3. Spending Controls. Make sure you carefully negotiate leases and look for price quotes. Frequently analyse operations.

4. Add Employees cautiously. Actively seek ways to maximize your and your employee’s productivity. You may also want to remember to consider alternatives such as outsourcing.

Cash Flow is the lifeblood of every business. The concept is much broader than that of profit, alone. Close monitoring is critical to success. You must have a firm grasp on carefully monitoring and managing the cash-flow pulse of your business. For more information on Anne Feeley, Affordable Accounting Services see http://www.affordableaccounts.ie/  or call 071 9174132 / 087 9719606. See our Facebook page at http://www.facebook.com/pages/Affordable-Accounting-Services/167511786616146?v=wall

Friday, November 12, 2010

How to lower your insurance costs

by Enda Candon of Firstwestern

Insurance is one of those dead money costs that we all in business have to have, but in many cases consider it as dead money as we rarely get an economic return on it. Cost containment and control are essential in these tough economic times, so a saving on any overhead is welcome. Here are some practical tips that we have used with clients to save them money on their insurance costs. In cases we have helped achieve 25% discounts on individual policies.

Increase your excess

Raising the excess on your insurance policies usually lowers your premiums. This can lead to savings of up to 10% on policies.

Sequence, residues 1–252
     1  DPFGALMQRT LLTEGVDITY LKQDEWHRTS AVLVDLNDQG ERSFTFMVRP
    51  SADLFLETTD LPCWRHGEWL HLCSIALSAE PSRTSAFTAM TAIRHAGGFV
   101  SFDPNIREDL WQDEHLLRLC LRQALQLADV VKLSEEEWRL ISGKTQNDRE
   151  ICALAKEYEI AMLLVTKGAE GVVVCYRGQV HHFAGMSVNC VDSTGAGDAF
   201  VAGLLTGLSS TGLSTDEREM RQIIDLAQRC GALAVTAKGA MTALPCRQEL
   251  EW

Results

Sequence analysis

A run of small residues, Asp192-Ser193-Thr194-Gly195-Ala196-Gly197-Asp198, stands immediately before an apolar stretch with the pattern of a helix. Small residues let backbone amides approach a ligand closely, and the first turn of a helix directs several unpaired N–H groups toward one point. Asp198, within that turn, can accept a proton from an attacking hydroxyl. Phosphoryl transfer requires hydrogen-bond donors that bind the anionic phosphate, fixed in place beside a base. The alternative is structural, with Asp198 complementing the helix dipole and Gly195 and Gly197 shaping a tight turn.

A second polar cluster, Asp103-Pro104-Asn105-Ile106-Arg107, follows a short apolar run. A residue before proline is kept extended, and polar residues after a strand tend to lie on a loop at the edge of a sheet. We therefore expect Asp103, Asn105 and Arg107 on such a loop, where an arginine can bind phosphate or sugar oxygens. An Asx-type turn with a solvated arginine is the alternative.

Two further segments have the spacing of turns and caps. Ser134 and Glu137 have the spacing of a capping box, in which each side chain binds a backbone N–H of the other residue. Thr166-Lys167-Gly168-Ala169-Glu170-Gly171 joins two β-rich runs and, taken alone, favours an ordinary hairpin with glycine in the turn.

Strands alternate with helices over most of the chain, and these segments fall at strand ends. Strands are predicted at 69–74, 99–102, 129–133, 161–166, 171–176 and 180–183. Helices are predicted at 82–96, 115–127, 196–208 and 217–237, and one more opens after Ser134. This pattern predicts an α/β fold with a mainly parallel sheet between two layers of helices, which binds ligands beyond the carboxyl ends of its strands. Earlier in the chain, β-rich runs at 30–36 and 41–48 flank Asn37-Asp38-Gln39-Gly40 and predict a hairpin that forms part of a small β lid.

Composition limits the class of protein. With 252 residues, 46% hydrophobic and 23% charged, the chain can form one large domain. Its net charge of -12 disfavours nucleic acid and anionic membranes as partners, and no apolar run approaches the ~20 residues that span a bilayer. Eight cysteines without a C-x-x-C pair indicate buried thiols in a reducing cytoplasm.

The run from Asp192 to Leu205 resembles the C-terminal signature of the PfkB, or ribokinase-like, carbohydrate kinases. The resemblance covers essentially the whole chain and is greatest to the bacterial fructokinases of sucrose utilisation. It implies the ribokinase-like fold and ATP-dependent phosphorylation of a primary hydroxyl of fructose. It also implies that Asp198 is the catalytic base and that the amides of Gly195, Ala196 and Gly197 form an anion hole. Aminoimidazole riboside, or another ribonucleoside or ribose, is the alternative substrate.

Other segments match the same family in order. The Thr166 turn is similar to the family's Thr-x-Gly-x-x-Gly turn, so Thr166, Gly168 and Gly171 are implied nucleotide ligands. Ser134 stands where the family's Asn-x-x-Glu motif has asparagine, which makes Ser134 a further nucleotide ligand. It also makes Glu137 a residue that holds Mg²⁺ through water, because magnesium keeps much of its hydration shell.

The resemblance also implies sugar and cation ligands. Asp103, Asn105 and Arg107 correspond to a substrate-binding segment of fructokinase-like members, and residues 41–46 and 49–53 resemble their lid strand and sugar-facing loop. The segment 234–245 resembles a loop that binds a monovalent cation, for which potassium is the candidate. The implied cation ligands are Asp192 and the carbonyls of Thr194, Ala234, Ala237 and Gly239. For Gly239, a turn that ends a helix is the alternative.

Bundle your Policies

Even though your policies may fall due for renewal at different times of the year, bundle all your policies and ask insurance companies / agents to quote you for all of the business.

Use a Broker

Work with an Insurance Broker to help you figure out what coverage you need and get it at a competitive price can be a good option, if you are unsure of the precise cover you need. An independent agent or broker is paid by commission, but will shop around to find you the right coverage at the right price.

Reduce Risks

Risk management minimises your insurance claims and brings your premiums down. Implement procedures to make sure that you aren’t taking on risky employees—for example, by checking the driving record of anyone who will drive for you. Many companies offer lower premiums or discounts to policyholders who take certain safety precautions. Installing smoke detectors or a security system is a couple of steps you can take that may get you a lower-priced policy. Always make sure that your business is adhering to relevant legislation such as health and safety and employee legislation as in some cases insurance can be invalid if you do not.

Levels of Cover

Evaluate all your insurance policies for their risk/benefit, and decide which ones you think you will really need. Don't over insure. Do you really need cover for old and low value office equipment and computers?

Motor Insurance

Consider dropping collision cover on older vehicles. If the car is only worth €1,500, why pay €200 per year extra for collision cover.

Prioritise your Greatest Risks

Once you’ve dealt with required coverage, spend your money where you need it the most. If you face a serious risk of a loss that could wipe you out, put your insurance cover there first.

Don’t Duplicate Coverage

A business can have so many policies in place that you may find some things being insured more than once. For example if you have only a few relatively inexpensive pieces of business equipment, your existing property coverage may be adequate. Or, you may be able to purchase an inexpensive endorsement to increase your coverage. Review all your policies carefully, or have your broker do this. Eliminating dual coverage should save your money.

Group Insurance Schemes

If you belong to a trade organisation, professional group, or other business association, you may be eligible for special rates on certain types of insurance.

See the first western blog at http://endacandon.wordpress.com/

Contact Firstwestern at http://www.firstwestern.ie/ or e-mail: Info@firstwestern.ie phone: 071 912 2834 http://ie.linkedin.com/pub/enda-candon/6/839/224